I'm shooting my sister's engagement pictures this weekend.

Discussion in 'The Professional Gallery' started by Ihaveaquestion, Jan 3, 2006.

  1. Ihaveaquestion

    Ihaveaquestion TPF Noob!

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    Were going to start this weekend at some parks around town.

    I have a flash bracket off shoe cord (ordered) bounce flash and a hood for my lense. I'm thinking i should use 200 film?

    I really need some help with poses and any advice would be great. I want to do the best job possible.


    Thanks.
     
  2. bbaker35

    bbaker35 TPF Noob!

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    I'm no genius and hardly know anything about photography, but isn't ingagement spelled "Engagement?"

    Also, isn't possable spelled "possible?"

    ha ha

    B
     
  3. Ihaveaquestion

    Ihaveaquestion TPF Noob!

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    HAHAH!

    Yeah.
     
  4. photogoddess

    photogoddess TPF Noob!

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    You might have more luck with this question in the portrait section. Let me know if you'd like me or one of the other mods to move it there. :D
     
  5. jwkwd

    jwkwd TPF Noob!

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    I am no genius, but I have yet to hear anything good about 200 speed film. The 200 I have used myself to see is it was worth it, was not worth the plastic container it came in. ( Kodak )
     
  6. Ihaveaquestion

    Ihaveaquestion TPF Noob!

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    Yes if you could Photogoddess?

    Thanks.
     
  7. Boltthrower

    Boltthrower TPF Noob!

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    Depending on available light I would use 100 or 125

    Thats Just my 2 Lincolns
     
  8. Ihaveaquestion

    Ihaveaquestion TPF Noob!

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    so if its sunny I should go for 100 or the 125?

    Thanks.
     
  9. ShutteredEye

    ShutteredEye TPF Noob!

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    Film: I'd use 100 ISO, and I'd match your film brand to the brand of processing equipment your local lab uses. The difference may be slight, but there usually is a difference. Fujifilm w/ fuji equipment etc. Honestly I haven't ever heard anyone say 200 sucks so badly. That may be the case, but not so much in my experience. Some companies don't make 100 anymore IRRC, so you may have to look beyond the corner drugstore to get some. I shot an entire engagement session with 200 and had good results.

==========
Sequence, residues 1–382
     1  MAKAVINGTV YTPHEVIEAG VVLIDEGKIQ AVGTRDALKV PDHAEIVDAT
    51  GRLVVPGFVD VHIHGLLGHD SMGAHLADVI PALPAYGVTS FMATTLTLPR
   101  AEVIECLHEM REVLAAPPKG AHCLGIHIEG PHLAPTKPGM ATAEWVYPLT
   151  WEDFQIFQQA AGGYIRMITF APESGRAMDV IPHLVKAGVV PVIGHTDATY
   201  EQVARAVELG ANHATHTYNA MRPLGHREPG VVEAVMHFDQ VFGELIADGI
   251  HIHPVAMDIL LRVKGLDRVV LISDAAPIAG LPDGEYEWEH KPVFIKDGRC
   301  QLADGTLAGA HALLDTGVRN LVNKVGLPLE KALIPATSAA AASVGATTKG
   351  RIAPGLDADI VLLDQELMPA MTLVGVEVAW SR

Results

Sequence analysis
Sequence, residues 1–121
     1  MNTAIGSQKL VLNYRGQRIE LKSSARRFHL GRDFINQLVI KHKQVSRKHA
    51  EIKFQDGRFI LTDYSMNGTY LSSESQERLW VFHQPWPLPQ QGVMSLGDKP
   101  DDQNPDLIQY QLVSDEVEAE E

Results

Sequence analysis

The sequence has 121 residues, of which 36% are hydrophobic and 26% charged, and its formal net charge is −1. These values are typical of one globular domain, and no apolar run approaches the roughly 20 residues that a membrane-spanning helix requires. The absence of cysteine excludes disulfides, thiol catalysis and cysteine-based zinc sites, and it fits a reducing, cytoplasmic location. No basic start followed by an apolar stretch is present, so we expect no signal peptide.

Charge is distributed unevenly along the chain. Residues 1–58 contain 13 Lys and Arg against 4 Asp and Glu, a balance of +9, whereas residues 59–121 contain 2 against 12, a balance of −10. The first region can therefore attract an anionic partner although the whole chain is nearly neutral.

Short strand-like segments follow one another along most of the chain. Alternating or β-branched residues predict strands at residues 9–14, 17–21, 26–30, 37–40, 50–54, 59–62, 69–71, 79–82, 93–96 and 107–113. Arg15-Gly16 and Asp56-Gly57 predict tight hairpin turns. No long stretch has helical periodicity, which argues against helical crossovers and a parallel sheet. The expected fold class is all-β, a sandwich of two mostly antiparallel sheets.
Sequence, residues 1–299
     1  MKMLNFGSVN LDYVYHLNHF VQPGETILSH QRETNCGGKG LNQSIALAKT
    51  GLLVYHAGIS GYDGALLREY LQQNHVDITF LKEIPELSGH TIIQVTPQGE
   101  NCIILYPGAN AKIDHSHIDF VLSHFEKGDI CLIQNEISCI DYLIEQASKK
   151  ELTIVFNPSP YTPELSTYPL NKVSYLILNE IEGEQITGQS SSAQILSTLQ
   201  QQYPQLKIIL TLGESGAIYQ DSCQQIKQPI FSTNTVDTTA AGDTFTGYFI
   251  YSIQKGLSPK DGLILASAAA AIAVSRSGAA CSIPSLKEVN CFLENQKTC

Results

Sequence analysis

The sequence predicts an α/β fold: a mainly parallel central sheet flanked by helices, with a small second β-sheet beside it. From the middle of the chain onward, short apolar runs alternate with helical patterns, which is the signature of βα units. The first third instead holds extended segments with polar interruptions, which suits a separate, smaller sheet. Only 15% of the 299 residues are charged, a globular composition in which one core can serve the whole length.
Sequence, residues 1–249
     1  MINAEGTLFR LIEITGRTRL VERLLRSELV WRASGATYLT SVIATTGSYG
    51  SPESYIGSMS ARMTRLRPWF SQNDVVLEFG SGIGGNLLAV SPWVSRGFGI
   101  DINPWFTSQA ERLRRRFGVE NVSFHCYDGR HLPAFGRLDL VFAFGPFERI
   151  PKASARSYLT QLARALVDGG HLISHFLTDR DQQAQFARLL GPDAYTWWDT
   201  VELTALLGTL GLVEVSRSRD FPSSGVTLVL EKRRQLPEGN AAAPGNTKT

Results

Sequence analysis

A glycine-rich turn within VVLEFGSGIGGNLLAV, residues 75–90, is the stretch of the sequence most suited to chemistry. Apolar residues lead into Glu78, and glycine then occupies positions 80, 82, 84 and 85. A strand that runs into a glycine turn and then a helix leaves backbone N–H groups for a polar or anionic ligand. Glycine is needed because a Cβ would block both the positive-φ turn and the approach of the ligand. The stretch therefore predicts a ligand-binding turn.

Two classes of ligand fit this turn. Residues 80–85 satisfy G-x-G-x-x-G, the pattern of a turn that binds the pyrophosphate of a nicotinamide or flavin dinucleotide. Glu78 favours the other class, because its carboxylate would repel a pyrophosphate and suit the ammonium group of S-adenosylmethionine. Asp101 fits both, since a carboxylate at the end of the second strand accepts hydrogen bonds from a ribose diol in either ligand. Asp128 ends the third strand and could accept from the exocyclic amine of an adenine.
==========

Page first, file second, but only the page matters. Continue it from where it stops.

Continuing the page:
Lense choice: I'd consider getting your hands on another lense besides the 28-90 you have listed in your signature. I have that lense, and it sucks. I've taken some good shots with it, but I've also beat my head against the wall in frustration b/c that lense has ruined so many more. If you can spare the change, a Canon 50mm 1.8 is a great portrait lense. It's not a zoom so you have to move around a bit more for composition and framing, but that can be one less thing to have to worry about as well. It's incredibly sharp, on par with lenses 5-10 times it's cost. You can usually get one new around $80 if you look hard enough. If you can't swing that, local camera stores may rent lenses as well.

    Posing: Stay out of direct overhead light if you can, or you'll end up with squinty eyes and raccoon shadows. Take an objective look at your subjects, are there things about them that maybe should be de-emphasized? Maybe one much taller or wider than the other? For example if he's really tall, don't have him standing and her sitting, as that will emphasize the difference. Instead have her standing and him sitting which will work to bring them closer. Or if one is heavier than the other, put the heavier person behind the other. I've also heard that you don't want either of your subjects completely square to the camera, always angled at least a little bit. There are a few good books out that have all kinds of posing ideas in them, they might be a good investment.

    At the shoot: Be sure and ask if they have any thing in mind that they'd like to shoot as well, even if they don't they will be more comfortable if they feel like their input is important. It usually takes 5 or more shots for the models to really relax, so expect that. Keep your eye on them during times you don't have the camera pointed at them. Some of my best shots have come when the subjects had no idea I was still paying attention.

    Hopefully that wasn't too basic and I've offended you, but they are things I always remind myself with before going to a shoot. Hope that helps!
     
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  10. Ihaveaquestion

    Ihaveaquestion TPF Noob!

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    Thanks ShutteredEye :D

    Thats what I needed.

    You've helped out a bunch.
     
  11. Boltthrower

    Boltthrower TPF Noob!

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    On the wedding photos that I took and for some of the Portrait shots I've done (i'm going to get some flak for this)

    Regular Kodak Gold ISO 100 why cause it was cheap and had almost the same Grain as the Professional Kodak films

    If Konica was still making film I'd be using that to this day...either that or Agfa
     

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